|Chocolate Chip Cookies||Le Moulin Du Pivet||A high end option from a well-established French biscuit maker, these cookies taste like they have just been cooked at your local bakery. Available from Planet Organic.|
|Choco Cookies||Vegan Bakery||Available from TheVeganKind Supermarket, these are fairly standard in taste and texture, but decent enough value compared to some of the more premium options and nicer than the cheapest around, so essentially a fine middle-ground option for a vegan cookie.|
|Chocolate Chip and Orange Cookies||Biona Organic||The orange zest contained in these bulky cookies gives a nice tang that certainly adds to the overall flavour. These can be found in various health shops or at Planet Organic, and they are well worth tracking down.|
|Hobnobs Choc Chip||McVities’s||Details in Top 10 list.|
|Dark Chocolate Chip Oat Biscuits||Nairn’s||Details in Top 10 list.|
|Triple Chocolate Protein Cookie||Planet Organic||Details in Top 10 list.|
Vegan Sandwich Biscuits
While original versions of custard creams and Jammie Dodgers are out of reach for vegans, there are alternatives that tick all the right boxes, with plenty more besides.
|Jammy Wheels||Lovemore||Available from Ocado, these are a vegan-friendly version of the classic Jammie Dodgers (the original Burton’s Biscuit version of which contains milk whey). Along with Fox’s Party Rings, these go down particularly well at children’s parties, though you don’t have to be a kid to love them!|
|Double Sandwich Biscuits||Veganz||Available from TheVeganKind Supermarket, these two-tone sandwich biscuits are made with quinoa, among other things, and have a creamy cocoa filling and a reassuring dunk-ready sturdiness.|
|Free From Custard Creams||Asda||While most custard cream biscuits contain milk or milk derivatives, the own-brand “free from” version from Asda doesn’t have any animal products. Some would argue they are not quite as good as the originals, but then if you’ve been a vegan for a while you’ll probably have forgotten anyway so they could be worth a try.|
|Custard Creams||Lovemore||Lovemore come up with the goods again by providing a vegan-friendly version of a sandwich biscuit classic. These are better than the Asda version, but with a price tag to match.|
|Lemon Cake Style Double Biscuits||Veganz||Another solid sandwich biscuit from Veganz (available from TheVeganKind Supermarket), but this time with a refreshing lemon flavour that brings a hint of summer to your tea break.|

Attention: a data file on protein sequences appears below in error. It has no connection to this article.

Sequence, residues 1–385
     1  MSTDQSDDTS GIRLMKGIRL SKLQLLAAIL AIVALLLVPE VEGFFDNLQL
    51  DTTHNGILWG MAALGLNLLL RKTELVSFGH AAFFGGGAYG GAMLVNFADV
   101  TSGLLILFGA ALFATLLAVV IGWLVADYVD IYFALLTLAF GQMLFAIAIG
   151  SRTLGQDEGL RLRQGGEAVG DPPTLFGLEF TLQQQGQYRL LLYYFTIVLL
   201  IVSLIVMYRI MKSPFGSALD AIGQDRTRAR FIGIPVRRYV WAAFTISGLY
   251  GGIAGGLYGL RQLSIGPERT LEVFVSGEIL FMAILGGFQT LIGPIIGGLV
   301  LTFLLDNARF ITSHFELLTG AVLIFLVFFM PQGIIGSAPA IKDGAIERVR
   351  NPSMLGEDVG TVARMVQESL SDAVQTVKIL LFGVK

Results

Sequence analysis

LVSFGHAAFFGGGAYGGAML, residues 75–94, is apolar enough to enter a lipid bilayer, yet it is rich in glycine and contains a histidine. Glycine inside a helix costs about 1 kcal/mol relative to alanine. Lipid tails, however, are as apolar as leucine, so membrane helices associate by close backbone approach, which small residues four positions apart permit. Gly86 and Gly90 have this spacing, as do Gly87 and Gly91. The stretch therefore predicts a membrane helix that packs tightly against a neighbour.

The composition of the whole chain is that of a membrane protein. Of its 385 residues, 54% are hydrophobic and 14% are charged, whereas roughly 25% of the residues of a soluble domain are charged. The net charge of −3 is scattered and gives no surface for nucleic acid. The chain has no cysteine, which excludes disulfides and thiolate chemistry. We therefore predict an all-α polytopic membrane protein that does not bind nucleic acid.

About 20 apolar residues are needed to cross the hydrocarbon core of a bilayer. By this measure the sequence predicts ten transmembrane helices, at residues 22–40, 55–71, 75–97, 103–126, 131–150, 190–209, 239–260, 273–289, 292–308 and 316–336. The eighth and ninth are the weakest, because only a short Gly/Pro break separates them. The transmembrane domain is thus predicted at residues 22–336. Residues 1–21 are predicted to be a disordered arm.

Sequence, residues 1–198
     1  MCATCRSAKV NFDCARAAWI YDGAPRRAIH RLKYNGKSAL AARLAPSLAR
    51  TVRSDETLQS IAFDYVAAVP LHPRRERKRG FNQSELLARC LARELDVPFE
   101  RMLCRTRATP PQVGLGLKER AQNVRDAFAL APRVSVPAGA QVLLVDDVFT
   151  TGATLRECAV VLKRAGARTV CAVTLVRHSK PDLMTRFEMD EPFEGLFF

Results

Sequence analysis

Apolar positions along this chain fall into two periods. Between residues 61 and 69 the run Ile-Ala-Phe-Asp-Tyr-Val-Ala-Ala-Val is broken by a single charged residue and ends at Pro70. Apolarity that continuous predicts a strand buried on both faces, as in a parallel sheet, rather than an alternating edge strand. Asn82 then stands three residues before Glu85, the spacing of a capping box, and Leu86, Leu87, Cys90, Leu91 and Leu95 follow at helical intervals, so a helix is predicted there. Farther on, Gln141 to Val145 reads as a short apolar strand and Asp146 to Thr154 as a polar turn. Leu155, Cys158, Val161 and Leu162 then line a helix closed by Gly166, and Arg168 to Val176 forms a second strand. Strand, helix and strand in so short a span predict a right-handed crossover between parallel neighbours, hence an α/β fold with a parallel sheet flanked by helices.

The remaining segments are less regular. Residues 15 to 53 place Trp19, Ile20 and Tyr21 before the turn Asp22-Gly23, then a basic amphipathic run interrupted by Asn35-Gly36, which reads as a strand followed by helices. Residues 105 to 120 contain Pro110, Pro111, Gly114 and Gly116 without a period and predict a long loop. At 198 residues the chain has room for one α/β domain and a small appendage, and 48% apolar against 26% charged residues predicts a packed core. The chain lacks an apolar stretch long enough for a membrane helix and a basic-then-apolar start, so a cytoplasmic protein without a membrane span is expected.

|Bourbon Biscuits||Tesco and others||Details in Top 10 list.|
Vegan Everyday Biscuits
These are the biscuits that don’t need to make a song and dance about how amazing they are; they don’t need cream fillings or chocolate toppings or inventive shapes, or even (in some cases) particularly distinctive flavours. They just get on with doing what they need to do: and that’s simply to be themselves… biscuits.
|Rich Tea||McVitie’s, Tesco, Asda, Morrisons and others||Seen by many as drab and unimportant, there is something rather settling about the humble Rich Tea. Whether it brings back memories of the ones always left at the bottom of your Gran’s biscuit tin, or they are just about all you can handle when on a particularly bad hangover, there is still a place for Rich Tea Biscuits in the 21st century.|
|Free From Stem Ginger Cookies||Tesco||Tesco have created loads more own-brand vegan-friendly products across the board in the last few years, and these stem ginger cookies are well worth checking out.|
|Stem Ginger Oat Biscuits||Nairn’s||Indeed, fans of stem ginger biscuits should also get stuck into this widely available option from Nairn’s. Also performs well in the dunking stakes.|
|Hobnobs||McVitie’s||While the Choc Chip Hobnobs are top of the pops, the original variety has to make do with a place among the also-rans. Still there is no dispute about the quality and taste of these fine biscuits.|
|Digestive||Ms Molly’s, Doves Farm||While the original McVitie’s are not vegan (as they contain milk products), the versions from both Ms Molly’s and Doves Farm are fine (and we bet your granny wouldn’t notice the difference!).|
|Biscoff Biscuits||Lotus||This caramelised classic (from Belgian baker Lotus Biscuits) is popular on the continent, but also serves as a cost-effective biscuit tin filler. Available from most supermarkets these biscuits contain just a few ingredients and have had no artificial colours or flavouring added. There’s plenty of sugar in there though!|
|Bakehouse Classics||Huntley & Palmers||This rather luxurious collection of biscuits comes in a vintage-style tin (based on a design from the 1850s) and contains a good mix, including their Caramel Crumble, Fruit Shortbread and Syrup Crunch biccies. This is definitely the option to go for if you’re trying to impress the in-laws when they come round for tea. Available from GreenBay Supermarket.|
|Ginger Nut||McVitie’s, Tesco, Asda, Morrisons and others||Details in Top 10 list.|
|Oaty Rounds||Tesco||Details in Top 10 list.|
What Is a Biscuit?
Biscuits can take many forms, such that the exact definition of what constitutes a biscuit is often hotly debated (as shown below!). But in essence, biscuits are usually sweet, flour-based food products that have been baked and which are generally hard(ish) and flat(ish).
Clearly things like the raw cookies mentioned above and some of the more bulky options do push the bounds of this already rather vague definition. But for the purposes of this article we are talking about the things that your average Joe or Jane would recognise as a biscuit, from the digestive to any old chocolate chip cookie.
Is a Jaffa Cake a Biscuit or a Cake?